Saturday, August 22, 2009

The Beginning of Wild Facts

Hi Everyone!

Well, this will officially be my first blog and the launching of a project of mine. My goal is to research 1000 different and interesting wildlife facts. I will be presenting one every week-day. Even though it is a weekend, I figure I will present my very first interesting factoid today, but first lets give all of you a little bit of information about me. My name is Nathan and I have a Bachelor of Science degree with a specialization in Wildlife and Habitat Ecology. I currently work as a Senior Habitat Biologist for the Canadian Government. I wanted to start this blog since I have always been intrigued by the different behaviours of various species of wildlife. I figure this project will allow me the opportunity to explore this passion of mine and perhaps educate some people along the way. I hope everyone is able to appreciate the evolutionary advances of a variety of animal species that not only help them survive but flourish. All right, enough of the formal introduction, lets get onto the interesting stuff.

Wild Fact # 1000

Ants - Formic Acid
Throughout my studies I have always enjoyed learning about the some of the smaller animals in the world that people may find disgusting. Of course, I am talking about none other than insects. So I shall start the blog with an interesting fact about Ants! Numerous species of ants are able to produce a chemical called formic acid (often used as a preservative) for a variety of purposes. Research has shown that they will mostly use this chemical to defend against predators by spraying it from specialized glands. Ants have also been known to utilize this specialized secretion in capturing their prey. All they need to do is make a small cut on its food and spray the formic acid rendering its prey defenseless. Ants may also use this secretion to help mimic the fabled Hansel and Gretel. Ever wonder how an ant can travel so far from home and find it's way back?? Well, part of that answer lies within this special secretion. Much like leaving breadcrumbs they follow the trail of formic acid back to their ant hill and they don't need to worry about birds eating their "breadcrumbs". If you are interested in reading another interesting paper on the ant's use of formic acid then check out this link:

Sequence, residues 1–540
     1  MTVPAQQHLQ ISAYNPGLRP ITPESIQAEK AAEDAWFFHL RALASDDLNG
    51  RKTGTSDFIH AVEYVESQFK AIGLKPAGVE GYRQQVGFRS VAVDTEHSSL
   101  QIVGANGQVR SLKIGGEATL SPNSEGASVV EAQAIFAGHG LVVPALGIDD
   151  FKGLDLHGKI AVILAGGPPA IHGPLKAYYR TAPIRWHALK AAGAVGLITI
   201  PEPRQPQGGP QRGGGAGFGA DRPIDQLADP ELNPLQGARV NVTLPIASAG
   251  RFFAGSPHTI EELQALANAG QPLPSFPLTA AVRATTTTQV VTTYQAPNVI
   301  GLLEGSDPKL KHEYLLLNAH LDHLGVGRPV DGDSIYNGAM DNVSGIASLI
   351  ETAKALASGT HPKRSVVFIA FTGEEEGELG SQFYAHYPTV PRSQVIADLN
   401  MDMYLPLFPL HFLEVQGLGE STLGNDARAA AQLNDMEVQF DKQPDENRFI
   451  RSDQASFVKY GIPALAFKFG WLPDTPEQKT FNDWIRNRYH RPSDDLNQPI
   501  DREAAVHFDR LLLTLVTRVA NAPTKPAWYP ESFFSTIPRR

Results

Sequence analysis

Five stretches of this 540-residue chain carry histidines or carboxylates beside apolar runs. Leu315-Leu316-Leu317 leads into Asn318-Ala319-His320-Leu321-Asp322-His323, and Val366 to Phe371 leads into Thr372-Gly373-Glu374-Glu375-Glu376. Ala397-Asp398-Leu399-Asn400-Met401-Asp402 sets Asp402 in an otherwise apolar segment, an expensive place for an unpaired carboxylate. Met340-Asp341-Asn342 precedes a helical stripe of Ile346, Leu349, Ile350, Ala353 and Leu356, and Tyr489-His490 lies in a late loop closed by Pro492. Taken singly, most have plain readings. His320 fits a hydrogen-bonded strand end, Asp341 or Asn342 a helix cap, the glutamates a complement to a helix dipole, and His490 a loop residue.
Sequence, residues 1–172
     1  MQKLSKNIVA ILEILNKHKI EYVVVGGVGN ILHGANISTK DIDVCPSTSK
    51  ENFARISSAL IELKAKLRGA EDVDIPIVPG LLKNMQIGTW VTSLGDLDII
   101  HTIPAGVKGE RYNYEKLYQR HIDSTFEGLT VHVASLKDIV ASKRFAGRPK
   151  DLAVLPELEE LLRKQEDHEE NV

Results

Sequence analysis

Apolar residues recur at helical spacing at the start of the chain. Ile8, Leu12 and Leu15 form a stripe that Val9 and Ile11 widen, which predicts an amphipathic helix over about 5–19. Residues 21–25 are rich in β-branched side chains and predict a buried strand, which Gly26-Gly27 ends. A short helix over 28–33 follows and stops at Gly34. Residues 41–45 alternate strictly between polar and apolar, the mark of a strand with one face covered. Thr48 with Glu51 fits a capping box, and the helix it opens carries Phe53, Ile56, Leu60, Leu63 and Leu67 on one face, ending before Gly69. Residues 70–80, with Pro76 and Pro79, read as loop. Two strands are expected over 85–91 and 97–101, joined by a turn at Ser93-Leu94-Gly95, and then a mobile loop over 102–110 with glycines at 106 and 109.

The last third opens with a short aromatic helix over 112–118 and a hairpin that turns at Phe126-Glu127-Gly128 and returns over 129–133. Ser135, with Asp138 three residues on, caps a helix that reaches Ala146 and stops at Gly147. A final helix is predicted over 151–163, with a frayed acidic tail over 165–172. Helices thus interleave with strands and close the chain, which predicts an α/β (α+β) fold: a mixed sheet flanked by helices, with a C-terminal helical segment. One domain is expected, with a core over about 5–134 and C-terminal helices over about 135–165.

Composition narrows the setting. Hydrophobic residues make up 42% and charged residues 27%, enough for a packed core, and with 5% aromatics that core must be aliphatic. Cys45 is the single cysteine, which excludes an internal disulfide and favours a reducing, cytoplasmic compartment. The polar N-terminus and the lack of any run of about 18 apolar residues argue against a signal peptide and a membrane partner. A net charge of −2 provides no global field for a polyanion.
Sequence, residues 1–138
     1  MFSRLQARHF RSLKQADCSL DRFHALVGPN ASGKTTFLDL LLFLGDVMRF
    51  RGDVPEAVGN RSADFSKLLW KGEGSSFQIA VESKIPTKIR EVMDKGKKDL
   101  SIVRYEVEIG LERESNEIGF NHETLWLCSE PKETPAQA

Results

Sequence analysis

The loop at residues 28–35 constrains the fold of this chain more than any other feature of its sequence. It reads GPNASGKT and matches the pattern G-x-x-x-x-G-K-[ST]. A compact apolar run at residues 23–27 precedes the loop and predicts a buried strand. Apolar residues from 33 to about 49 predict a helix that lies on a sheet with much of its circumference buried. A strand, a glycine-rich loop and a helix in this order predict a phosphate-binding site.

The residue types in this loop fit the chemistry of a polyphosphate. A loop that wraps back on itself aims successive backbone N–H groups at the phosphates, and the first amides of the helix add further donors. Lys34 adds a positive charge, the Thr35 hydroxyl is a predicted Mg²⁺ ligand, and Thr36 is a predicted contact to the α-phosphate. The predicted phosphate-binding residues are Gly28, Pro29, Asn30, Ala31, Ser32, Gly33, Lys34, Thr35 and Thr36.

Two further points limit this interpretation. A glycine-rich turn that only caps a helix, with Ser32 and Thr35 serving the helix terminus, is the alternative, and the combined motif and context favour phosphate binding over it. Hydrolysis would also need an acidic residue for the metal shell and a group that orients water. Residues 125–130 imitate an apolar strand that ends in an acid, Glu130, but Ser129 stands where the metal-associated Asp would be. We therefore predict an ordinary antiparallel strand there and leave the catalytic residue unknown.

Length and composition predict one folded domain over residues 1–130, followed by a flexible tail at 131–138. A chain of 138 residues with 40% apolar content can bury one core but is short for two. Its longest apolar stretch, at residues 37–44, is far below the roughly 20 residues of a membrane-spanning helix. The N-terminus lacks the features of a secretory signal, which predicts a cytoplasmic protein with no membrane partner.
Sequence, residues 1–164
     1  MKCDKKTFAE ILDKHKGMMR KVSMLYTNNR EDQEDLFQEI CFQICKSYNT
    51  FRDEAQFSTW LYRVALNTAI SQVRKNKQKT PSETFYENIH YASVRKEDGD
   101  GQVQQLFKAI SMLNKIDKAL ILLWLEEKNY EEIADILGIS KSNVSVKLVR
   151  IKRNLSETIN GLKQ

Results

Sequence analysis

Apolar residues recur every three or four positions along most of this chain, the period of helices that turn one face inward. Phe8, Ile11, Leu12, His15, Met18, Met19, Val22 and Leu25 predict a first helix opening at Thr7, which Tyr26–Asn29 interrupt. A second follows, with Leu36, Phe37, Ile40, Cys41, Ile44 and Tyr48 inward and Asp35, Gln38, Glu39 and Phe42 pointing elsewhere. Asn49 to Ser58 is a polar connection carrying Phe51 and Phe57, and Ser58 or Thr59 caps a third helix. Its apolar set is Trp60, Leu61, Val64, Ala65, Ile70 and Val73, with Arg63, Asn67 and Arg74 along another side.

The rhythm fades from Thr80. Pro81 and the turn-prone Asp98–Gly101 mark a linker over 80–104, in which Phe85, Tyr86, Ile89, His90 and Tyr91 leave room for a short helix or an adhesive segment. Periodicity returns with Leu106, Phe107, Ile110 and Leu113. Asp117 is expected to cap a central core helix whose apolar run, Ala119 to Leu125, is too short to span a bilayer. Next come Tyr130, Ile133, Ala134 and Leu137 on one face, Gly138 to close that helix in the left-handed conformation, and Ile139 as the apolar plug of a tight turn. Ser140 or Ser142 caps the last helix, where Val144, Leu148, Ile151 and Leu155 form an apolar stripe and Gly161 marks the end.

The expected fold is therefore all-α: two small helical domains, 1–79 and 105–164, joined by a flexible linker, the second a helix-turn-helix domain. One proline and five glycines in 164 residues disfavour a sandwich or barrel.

Well, there is Wild Fact #1000 and I am sure they will only get more bizarre and intriguing as I conduct more research.

I hope you enjoyed the first post and make sure to check back for Monday's Wild Fact.


  1. Great Nathan,I look forward to reading your blogs everyday. Thanks for all the cool facts
    Gary from socal.

  2. Thanks for the nice words. This is something I am enjoying and I will continue to update on a regular basis.

  3. Quite interesting Nathan! I like your bits of humour you add in every once in awhile. Keep it up I'm learning something new everyday!


  4. What a nice idea Nathan, something for both adults and children to enjoy - keep the wild facts coming!


  5. Thanks for all the nice comments! I will definitely try to keep up the humour as I don't want anyone getting bored.

    Please don't be shy to offer any suggestions that might make this work in progress better.

    Thanks for reading!

  6. I look forward to reading your articles Nathan; they are very interesting & informative with just the right amount of hunour.